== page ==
Angel Holding a Hammer and Nails

Conflicted Interests in the Healthy Living Industry

The law of the instrument suggests that the tool at hand when a problem presents itself seems like the right one to use. When all we have is a hammer, everything looks a bit more like a nail. So we pound it. And in the healthy living industry (aka wellness) we have quite a hammer. The market for healthy living is 1.5 trillion dollars, says McKinsey & Company. Everyone seems to have a product or service to sell for this huge and growing market. With so much money in the mix, bias and conflicted interests are inevitable for the healthy living industry.

People care deeply about conflicts in food and drug research. But are we paying attention to the biases and conflicted interests that creep into research on healthy living?

Conflicts About Conflicted Interests

The whole subject of conflicted interests generates some challenging issues. Rob Ralston and colleagues published a recent analysis of input on a W.H.O. tool for managing conflicts of interest in nutrition policy. They found “significant divergence in how conflict of interest (COI) is understood.”

In other words, individual perceptions of conflicted interests vary greatly – perhaps influenced in part by an individual’s interests. The speck in someone else’s eye can look larger than the log in our own.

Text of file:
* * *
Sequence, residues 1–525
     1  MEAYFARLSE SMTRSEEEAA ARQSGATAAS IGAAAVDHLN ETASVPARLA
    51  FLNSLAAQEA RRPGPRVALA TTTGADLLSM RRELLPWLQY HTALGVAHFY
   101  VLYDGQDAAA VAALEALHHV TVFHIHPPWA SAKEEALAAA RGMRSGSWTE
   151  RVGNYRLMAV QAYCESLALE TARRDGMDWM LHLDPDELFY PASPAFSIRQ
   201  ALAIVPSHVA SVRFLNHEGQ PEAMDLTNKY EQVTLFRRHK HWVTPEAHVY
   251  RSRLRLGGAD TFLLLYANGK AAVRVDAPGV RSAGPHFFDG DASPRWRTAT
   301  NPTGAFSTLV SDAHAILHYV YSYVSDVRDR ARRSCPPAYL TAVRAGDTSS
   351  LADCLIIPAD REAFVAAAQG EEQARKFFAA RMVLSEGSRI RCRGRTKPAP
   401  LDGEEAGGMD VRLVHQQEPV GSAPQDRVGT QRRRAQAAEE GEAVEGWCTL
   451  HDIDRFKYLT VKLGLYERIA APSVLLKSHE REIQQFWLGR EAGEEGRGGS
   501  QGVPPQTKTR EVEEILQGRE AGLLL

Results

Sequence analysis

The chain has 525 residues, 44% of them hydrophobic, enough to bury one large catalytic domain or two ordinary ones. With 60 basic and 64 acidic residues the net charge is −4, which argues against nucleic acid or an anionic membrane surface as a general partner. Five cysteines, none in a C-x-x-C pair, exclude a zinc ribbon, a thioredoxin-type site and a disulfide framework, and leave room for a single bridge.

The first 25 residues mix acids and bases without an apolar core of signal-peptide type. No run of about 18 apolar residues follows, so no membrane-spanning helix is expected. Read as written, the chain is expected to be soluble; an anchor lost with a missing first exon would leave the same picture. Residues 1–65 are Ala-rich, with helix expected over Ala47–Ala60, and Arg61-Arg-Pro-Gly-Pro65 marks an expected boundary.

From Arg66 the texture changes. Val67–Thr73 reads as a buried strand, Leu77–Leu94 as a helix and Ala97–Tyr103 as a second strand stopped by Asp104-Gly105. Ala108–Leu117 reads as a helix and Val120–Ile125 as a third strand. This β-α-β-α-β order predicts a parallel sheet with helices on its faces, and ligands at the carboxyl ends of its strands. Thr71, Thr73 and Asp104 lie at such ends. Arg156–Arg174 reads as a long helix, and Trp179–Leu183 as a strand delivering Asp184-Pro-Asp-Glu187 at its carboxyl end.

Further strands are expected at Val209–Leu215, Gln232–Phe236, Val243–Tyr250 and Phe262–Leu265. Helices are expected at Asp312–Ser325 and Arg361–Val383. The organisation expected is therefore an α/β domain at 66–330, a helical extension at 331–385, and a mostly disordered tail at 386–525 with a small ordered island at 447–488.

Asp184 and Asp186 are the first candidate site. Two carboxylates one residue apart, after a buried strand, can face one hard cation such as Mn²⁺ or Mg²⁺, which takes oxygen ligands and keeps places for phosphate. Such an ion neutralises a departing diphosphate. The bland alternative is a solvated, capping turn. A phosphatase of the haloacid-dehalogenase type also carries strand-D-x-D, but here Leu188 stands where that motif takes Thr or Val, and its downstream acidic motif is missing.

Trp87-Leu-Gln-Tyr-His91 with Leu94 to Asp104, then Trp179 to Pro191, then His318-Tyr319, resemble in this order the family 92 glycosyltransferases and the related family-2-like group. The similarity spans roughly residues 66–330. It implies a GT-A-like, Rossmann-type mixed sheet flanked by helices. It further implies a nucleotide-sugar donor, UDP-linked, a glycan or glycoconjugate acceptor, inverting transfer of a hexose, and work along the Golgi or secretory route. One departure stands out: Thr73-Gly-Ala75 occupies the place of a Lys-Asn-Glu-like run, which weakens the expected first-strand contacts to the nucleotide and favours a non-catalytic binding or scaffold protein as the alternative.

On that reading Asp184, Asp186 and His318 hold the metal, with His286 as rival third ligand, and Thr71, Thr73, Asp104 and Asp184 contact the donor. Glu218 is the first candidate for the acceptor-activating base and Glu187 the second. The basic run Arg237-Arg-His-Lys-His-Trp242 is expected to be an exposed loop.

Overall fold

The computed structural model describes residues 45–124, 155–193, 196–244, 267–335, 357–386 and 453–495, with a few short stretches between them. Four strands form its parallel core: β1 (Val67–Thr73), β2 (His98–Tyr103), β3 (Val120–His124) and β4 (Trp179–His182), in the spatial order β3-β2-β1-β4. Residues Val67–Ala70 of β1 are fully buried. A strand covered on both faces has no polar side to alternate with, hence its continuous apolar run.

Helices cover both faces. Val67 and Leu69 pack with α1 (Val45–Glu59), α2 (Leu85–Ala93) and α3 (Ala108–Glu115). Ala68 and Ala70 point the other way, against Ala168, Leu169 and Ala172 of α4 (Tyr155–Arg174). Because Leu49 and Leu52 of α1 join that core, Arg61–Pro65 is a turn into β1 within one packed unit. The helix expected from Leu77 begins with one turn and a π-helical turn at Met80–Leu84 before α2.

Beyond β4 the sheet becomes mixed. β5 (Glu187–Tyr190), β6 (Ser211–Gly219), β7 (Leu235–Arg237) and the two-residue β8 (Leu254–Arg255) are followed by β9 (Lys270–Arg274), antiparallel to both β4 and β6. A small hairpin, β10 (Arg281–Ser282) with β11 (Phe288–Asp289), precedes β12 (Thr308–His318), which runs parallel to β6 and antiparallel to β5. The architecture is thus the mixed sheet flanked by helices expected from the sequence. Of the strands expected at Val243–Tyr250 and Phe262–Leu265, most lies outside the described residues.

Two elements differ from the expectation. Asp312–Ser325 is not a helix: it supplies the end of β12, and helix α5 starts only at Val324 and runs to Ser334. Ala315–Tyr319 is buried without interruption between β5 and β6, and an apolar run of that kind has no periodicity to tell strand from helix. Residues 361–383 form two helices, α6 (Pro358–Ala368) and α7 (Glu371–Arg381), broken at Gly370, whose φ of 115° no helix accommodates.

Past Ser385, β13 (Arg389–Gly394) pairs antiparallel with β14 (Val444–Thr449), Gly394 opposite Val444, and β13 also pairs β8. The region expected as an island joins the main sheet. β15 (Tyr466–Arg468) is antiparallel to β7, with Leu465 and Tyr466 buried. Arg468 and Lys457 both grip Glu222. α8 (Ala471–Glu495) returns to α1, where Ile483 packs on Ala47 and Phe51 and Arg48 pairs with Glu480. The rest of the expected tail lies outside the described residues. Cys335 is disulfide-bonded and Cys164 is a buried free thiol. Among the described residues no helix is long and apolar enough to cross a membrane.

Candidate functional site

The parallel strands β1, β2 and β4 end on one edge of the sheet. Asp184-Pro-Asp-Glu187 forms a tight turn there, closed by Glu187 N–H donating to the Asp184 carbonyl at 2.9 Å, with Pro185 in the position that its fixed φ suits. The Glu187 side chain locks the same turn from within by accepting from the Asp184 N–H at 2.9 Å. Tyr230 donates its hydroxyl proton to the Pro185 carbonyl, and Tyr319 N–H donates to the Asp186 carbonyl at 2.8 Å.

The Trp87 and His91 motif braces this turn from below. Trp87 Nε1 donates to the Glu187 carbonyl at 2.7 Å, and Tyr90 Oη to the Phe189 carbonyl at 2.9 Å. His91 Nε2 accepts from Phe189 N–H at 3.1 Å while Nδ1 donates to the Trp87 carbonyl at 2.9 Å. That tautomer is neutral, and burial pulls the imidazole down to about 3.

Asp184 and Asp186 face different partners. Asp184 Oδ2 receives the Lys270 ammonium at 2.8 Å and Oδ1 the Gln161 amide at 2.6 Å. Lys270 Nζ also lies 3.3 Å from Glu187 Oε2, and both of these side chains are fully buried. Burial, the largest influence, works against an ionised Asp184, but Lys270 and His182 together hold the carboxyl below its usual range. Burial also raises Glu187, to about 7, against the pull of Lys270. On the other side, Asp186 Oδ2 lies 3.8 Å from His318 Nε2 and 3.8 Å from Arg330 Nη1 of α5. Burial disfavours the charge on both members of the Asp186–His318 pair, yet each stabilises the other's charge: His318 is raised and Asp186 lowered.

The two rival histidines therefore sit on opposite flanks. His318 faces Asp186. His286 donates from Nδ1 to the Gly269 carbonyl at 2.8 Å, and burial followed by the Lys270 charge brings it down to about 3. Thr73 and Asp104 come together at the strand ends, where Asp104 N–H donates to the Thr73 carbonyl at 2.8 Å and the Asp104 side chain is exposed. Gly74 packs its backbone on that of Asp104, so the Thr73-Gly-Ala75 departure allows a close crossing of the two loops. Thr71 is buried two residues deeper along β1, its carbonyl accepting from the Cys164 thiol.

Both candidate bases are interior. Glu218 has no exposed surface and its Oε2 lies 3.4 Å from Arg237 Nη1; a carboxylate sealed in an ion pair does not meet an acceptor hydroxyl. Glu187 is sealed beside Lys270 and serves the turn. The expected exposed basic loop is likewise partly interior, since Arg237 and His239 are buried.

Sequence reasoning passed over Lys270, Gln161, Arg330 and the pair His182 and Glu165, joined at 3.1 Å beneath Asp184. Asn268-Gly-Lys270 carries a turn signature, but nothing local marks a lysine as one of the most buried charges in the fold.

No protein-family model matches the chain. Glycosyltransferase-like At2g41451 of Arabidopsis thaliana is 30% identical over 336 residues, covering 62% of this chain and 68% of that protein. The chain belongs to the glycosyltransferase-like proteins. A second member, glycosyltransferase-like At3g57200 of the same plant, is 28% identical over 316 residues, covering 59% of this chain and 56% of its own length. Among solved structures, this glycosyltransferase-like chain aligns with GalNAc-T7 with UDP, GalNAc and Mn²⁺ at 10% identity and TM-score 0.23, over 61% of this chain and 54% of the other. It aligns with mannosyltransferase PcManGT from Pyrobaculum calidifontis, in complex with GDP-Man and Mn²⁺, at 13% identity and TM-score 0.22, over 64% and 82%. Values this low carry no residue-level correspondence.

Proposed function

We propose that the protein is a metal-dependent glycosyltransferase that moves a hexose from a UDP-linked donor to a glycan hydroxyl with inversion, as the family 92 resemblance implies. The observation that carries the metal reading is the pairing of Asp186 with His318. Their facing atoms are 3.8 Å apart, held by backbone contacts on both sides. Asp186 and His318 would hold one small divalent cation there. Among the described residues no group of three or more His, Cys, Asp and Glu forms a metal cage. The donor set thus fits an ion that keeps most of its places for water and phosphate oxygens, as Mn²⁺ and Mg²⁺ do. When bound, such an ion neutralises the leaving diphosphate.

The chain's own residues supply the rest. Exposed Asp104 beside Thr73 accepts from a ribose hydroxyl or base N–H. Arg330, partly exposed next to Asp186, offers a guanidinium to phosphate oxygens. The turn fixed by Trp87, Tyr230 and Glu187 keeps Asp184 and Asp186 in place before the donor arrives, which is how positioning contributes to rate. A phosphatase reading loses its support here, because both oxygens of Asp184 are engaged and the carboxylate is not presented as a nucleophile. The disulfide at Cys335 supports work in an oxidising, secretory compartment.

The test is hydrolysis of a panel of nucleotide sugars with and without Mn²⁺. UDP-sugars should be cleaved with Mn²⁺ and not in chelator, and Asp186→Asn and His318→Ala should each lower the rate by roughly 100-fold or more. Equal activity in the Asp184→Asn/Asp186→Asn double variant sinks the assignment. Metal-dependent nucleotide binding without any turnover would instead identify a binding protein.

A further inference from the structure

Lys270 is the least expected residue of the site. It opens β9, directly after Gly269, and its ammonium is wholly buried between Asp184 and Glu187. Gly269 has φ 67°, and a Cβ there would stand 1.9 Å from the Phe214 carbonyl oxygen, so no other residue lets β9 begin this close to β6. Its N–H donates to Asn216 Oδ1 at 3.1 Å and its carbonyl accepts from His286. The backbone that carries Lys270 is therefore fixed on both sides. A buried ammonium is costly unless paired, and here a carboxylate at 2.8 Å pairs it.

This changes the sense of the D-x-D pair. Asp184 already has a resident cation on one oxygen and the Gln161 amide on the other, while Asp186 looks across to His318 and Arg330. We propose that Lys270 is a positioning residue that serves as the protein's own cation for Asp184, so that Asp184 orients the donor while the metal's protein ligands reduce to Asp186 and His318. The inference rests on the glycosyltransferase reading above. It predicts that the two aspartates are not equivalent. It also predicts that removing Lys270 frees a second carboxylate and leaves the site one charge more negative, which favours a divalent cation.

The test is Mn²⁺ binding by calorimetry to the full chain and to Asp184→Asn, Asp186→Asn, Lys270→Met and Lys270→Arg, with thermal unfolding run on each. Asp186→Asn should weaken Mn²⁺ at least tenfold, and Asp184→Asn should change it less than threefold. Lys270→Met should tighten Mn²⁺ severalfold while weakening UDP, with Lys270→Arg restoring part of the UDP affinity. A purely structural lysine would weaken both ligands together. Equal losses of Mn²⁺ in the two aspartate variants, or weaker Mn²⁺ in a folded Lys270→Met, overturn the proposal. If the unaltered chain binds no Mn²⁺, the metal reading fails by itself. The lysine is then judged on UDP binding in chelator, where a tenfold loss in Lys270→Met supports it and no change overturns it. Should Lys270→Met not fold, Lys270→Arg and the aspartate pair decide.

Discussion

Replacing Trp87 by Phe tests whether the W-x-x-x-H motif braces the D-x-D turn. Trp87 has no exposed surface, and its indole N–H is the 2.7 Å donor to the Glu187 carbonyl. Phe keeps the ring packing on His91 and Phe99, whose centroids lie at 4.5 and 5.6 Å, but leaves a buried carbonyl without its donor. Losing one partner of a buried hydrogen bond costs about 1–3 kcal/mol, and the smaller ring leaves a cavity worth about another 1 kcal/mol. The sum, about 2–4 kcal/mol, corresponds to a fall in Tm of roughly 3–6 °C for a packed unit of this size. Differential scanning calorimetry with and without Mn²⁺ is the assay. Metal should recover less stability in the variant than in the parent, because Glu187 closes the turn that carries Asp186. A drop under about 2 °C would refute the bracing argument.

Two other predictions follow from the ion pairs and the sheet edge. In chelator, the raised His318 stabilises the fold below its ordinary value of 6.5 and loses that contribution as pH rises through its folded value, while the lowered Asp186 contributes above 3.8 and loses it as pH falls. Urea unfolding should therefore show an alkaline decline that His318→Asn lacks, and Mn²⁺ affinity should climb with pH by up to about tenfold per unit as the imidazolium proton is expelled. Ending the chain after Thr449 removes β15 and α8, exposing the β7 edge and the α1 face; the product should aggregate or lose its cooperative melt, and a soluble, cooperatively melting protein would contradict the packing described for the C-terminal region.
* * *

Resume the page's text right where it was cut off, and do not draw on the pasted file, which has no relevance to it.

Commenting on the Ralston analysis, Stella Aguinaga Bialous wonders if it’s possible to solve the conflicts over conflicts of interest. She writes:

“The underlying issue is whether a private sector actor, such as the food industry, with a fiduciary duty to deliver profits by selling unhealthy, even harmful, products, can be a partner in policies that ultimately aim at reducing the sales of these products.”

Obesity and the Healthy Living Industry

On one hand, it’s relatively easy to recognize that an individual making money from cigarettes has a serious conflict of interest in health research and policy. But what about research emanating from the healthy living industry?

It might be easy to see a conflict in folks working for or with funding from companies selling wellness products and services. We would be much more skeptical of information coming from the Goop Lab. But is it also possible that researchers who devote their careers to proving the value of healthy eating and active living interventions might also have a bias that creeps into their research?

Telling an audience of such researchers that healthy eating and active living might not be enough to overcome obesity doesn’t get a warm reception. One feels a bit like a skunk at a garden party.

Some sources of bias are easy to spot and discount. But in truth, when it comes to subtler forms of bias, it’s much harder. Most people believe in the work they are doing – often very passionately. We certainly do at ConscienHealth.

Thus, we all need to be alert to conflicted interests that might discourage us from recognizing inconvenient truths.

Click here for the Ralston analysis and here for the Bialous commentary. For skeptical perspectives on the wellness industry, click here and here.

Angel Holding a Hammer and Nails, drawing by Bartolome Esteban Murillo / WikiArt

Subscribe by email to follow the accumulating evidence and observations that shape our view of health, obesity, and policy.


March 6, 2022